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We Must Reform Charter School Reform in Ohio!

By Dominque Warren
The Truth Contributor

Itís October in Ohio and we know that from the clanking of football pads, young ladies shopping for homecoming dresses, and parents trying to anticipate the support their kids need in their academic pursuits.

I remember, as if it was yesterday when I was a young teacher in Chicago, putting up posters, organizing desks and looking through yearbooks trying to memorize student faces and names.

As a district administrator in Baltimore, I struggled trying to fund all the necessary functions of a school with strained resources while still providing a high quality education to students who needed it the most.

Dominque Warren

In Ohio, local school districts every year face the realization that they will be over $300 million dollars short each year because their districts are losing funding to charter schools that have no elected school board or real accountability and who underperform in comparison with their traditional public school neighbors.

In the early 2000s, the State of Ohio and local school districts spent billions on rebuilding traditional public schools into 21st Century buildings. As a graduate of Scott High School in 2003, I remember the public hearings in which residents shared their hopes and dreams for education in this city.

Unbeknownst to many, a wave of school reform was taking place across the country where publicly-funded charter schools created by non-profits as well as for-profits sprang up to provide ďchoiceĒ for parents who were tired of underperforming public schools and limited curricular offerings.

In Ohio, we saw school enrollment decline from local school districts to charter schools with the promise that children would receive better educational opportunities.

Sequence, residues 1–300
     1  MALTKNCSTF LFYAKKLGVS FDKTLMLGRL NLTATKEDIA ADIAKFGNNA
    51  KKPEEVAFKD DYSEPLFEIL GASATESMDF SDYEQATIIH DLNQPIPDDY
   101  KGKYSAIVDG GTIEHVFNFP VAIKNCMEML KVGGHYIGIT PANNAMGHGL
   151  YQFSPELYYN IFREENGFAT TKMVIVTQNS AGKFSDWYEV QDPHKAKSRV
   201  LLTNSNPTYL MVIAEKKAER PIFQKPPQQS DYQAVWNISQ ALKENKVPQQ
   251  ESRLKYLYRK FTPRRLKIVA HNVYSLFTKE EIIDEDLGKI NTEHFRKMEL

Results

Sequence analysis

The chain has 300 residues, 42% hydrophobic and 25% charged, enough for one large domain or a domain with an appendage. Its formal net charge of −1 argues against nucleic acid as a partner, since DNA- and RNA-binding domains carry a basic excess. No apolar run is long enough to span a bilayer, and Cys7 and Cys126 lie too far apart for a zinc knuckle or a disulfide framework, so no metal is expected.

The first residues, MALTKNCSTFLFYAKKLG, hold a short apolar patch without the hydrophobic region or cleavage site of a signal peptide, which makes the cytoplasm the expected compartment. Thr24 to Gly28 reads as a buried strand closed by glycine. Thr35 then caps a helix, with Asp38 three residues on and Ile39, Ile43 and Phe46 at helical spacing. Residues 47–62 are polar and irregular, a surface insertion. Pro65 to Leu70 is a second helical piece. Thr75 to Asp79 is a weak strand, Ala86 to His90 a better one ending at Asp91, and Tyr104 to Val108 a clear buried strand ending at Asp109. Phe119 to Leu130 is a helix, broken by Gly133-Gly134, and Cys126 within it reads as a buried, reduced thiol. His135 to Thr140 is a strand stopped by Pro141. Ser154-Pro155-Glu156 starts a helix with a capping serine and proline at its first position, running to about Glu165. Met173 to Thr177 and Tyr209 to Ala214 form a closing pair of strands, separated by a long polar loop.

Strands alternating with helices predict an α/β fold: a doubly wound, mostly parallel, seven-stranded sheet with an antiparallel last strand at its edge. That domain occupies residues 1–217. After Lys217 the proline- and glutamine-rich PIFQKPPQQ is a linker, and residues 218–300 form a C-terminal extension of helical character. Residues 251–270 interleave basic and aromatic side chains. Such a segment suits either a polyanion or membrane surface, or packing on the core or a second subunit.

In reality, we have a system of schools without elected school boards who can essentially open anywhere in the state as well as close in an instant without being held accountable and, in the case of the Electronic Classroom of Tomorrow (ECOT), commit fraud and cheat the state out of over $60 million by falsely increasing enrollment accounts.

No doubt there are successful charter schools and authorizers (entities that sponsor and oversee charters) in Ohio. The Toledo School for the Arts is an amazing charter with great results and the Thomas B. Fordham Institute in Columbus has been an authorizer that has received great accolades.

Even with those examples, in 2016 only five out of over 66 authorizers have been rated as Effective, with most receiving Poor ratings, and only 10 authorizers meet the standards for Quality Practices.

In 2010, Ohio was ranked sixth in education according to Education Week. In that time, we have seen the de-regulation of authorizers and the explosion of charters, specifically for-profit charters being placed in Ohio serving our most vulnerable children, typically black and brown youth.

Today, Ohio is ranked 23rd and continues to fall.

Who should hold these schools and authorizers accountable? Unlike school boards in Ohio, leaders of charter schools and their authorizers are unelected by the community. In fact, some are elected by a board of directors who have financial stake in the increased enrollment of the charter they oversee.

These issues are just part of many challenges that charter schools present such as lack of certified teachers, suspension and discipline disparities of students of color and low achievement scores.

Imagine a school of black and brown students where the board doesnít reflect the diversity of the school, and isnít responsive to parents and community members because they arenít elected.

This is the charter school challenge in Ohio. This disenfranchises communities and the students they serve. Ohio charter schools are here to stay, but our elected leaders at the state level can change whether we are holding them accountable and whether our local school districts continue to lose funding.

The time to change is now, because children canít wait for it to happen in the future. Will our leaders act on this? We shall see. They canít afford not to.



Copyright © 2017 by [The Sojourner's Truth]. All rights reserved.
Revised: 10/12/17 20:54:38 -0700.

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